Transparency isn’t easy but, if we shift our mindset away from high potential being the only fair deal, it makes if far easier to be honest with everyone about where they stand.
Marc Effron, top 100 Influencer in HR and founder and President of the Talent Strategy Group and Talent Quarterly magazine. Marc helps the world’s largest and most successful companies improve the quality and depth of their talent. In his latest book8 STEPS TO HIGH PERFROMANCE: Focus on What You Can Change (Ignore the Rest), he separates the behaviors you can control from the traits you cannot so you can deliver your highest potential performance at maximum efficiency.

Why Leaders Need to Role Model and Live Your Company Values

Guest post from Debra Corey:
My 18 year-old daughter has entered the workforce, full of energy, full of passion and full of some very strong opinions. And her top opinion, her absolute top pet peeve is when a leader or manager says one thing and does another. In her words, she hates hypocrites! And yes, she may be young, and she may still be learning her way around the workplace, but she is actually right – our employees deserve leaders who walk the talk!
One area where this is absolutely critical is when it comes to company values, the subject of my new book, ‘Bringing Your Values Out to Play’. It’s so important that I devoted an entire chapter to it, talking about why it’s important that leaders role model their company values, showing their workforce what they mean and how they should be lived.
But why are values important? What purpose do they serve to your company? Here are three answers to this question:
1. Values define who you are.
Values define who you are as a business, what you stand for (and against), and what you are willing to fight for. This is important because it tells potential and existing employees and customers what you believe in and how you’ll behave, clearly defining this upfront in a meaningful way. And in this competitive world, the better we can do this through our values, the better chance we have of standing out from our competitors and attracting and retaining talent and customers.
2. Values guide decisions and actions.
Values act as guidelines, guiding principles, or guideposts to your employees, helping them make everyday operational and strategic decisions, even when leaders are not around. When used properly, employees use them to ask questions such as, “what do my values say about this?” and “how can my values help me choose a path and make a decision?” This is important at all times, but especially in bad or challenging ones, where values provide the focus and guidance we need to persevere.
3. Values fuel your workforce.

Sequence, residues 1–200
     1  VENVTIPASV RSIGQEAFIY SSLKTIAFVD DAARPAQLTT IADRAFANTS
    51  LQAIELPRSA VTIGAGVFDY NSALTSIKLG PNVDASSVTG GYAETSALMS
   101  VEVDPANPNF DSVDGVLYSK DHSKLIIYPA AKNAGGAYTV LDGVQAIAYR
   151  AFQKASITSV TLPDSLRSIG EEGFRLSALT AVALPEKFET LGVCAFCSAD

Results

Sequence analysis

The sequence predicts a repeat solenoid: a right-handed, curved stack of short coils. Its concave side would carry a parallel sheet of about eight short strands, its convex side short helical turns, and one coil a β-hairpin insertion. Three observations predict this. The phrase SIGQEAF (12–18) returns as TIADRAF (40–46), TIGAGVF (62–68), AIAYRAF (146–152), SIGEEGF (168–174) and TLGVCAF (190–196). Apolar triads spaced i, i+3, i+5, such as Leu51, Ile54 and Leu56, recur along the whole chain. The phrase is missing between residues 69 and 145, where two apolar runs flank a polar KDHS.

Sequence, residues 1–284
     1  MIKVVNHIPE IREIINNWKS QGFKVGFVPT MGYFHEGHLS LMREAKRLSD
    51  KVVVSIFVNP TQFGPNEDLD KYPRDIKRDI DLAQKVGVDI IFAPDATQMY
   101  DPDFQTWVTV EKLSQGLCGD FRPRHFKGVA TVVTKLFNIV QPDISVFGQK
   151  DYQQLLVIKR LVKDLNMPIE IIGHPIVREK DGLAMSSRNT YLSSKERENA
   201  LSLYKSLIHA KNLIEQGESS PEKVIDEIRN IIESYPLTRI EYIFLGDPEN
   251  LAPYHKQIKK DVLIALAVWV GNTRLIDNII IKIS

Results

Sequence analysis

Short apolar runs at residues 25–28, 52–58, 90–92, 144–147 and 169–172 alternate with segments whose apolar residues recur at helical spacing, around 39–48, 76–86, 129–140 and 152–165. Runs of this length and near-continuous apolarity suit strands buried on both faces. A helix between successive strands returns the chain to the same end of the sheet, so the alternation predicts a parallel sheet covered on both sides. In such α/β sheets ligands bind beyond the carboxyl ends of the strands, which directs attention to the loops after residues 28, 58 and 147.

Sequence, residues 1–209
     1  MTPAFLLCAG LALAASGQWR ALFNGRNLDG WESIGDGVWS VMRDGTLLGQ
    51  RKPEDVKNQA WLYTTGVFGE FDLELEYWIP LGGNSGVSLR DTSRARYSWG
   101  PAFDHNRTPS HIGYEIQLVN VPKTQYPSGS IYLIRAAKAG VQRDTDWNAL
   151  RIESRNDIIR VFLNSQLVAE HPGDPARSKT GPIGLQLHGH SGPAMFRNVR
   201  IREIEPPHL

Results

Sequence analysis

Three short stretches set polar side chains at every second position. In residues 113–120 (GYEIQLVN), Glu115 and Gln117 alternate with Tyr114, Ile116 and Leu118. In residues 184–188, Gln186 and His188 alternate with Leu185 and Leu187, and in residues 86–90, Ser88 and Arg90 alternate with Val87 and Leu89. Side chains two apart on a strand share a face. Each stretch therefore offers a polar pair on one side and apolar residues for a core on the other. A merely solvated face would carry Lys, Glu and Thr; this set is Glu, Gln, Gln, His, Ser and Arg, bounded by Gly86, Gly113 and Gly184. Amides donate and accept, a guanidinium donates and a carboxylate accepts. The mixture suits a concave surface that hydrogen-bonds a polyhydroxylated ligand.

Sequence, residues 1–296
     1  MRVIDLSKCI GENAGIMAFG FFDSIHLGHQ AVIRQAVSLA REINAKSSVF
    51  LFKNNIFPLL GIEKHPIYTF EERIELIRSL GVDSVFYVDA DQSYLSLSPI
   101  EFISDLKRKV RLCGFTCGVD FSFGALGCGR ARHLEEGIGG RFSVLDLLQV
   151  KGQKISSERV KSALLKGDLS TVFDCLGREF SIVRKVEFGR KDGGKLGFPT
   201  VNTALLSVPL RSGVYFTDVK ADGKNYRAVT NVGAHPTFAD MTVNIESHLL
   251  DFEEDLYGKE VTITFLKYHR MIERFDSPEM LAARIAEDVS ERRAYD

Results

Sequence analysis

Values give your employees the energy and passion to not only make decisions, but to get things done. This passion, this energy, is so critical in the business world, and when being led by values, it ensures that it’s being done in the right way and in the right direction.
Company values can and should be one of the most strategic tools a company has, helping your employees and your company achieve its mission and purpose. Which is why it’s worrying that according to data from Reward Gateway only 32 percent of employees say they feel informed about their values, and according to data from Gallup only 23 percent of employees use them as they go about their work.

To change these numbers we need our leaders to start leading from the top, for when it comes to company values – it all starts and stops from the top, with our leaders!

Start by making sure that your leaders fully understand your company values, don’t assume that they do. Ensure they know what they mean, how they impact their decisions and actions, and how they should and need to be lived. Take the time to help them understand them, making them more than words on a wall, but something they use over and over again as a filter for their decisions and actions.

Next, hold your leaders and managers accountable for role modelling and living your values – never ever let them off the hook for something this important. Remember, they are setting the tone and direction for others to follow, signalling what should and shouldn’t be done. If they’re not doing this, they’re taking their team down the wrong path!

And last, but certainly not least, is to be brave and let go of any of your leaders and managers who after all you’ve done to support and develop them are not role modelling your values. It’s the right thing to do for your business, and the right thing to do for your workforce. It may be difficult, but your values will never do what you need them to do if your entire workforce is not bringing them out to play.

Remember, we don’t want hypocrites leading our business, we want and need leaders who truly walk the walk, using values to help and guide them at every step.

Debra Corey is a much-admired, charismatic and highly respected figure in the Human Resources world, recently being named one of the top 101 global employee engagement influencers. She’s had a varied and exciting career over the last 20+ years, working for global companies such as Gap Inc., Honeywell, Merlin Entertainments and Reward Gateway to name a few, where she’s developed and delivered HR strategies in a rebellious way, pushing the boundaries and challenging the status quo to truly drive employee engagement.
She’s a three-time author, with her latest book on company values titled ‘Bringing Your Values Out to Play’, and her previous books being ‘Build it: The Rebel Playbook for Employee Engagement’ and ‘Effective HR Communication: A framework for communicating programmes with IMPACT’.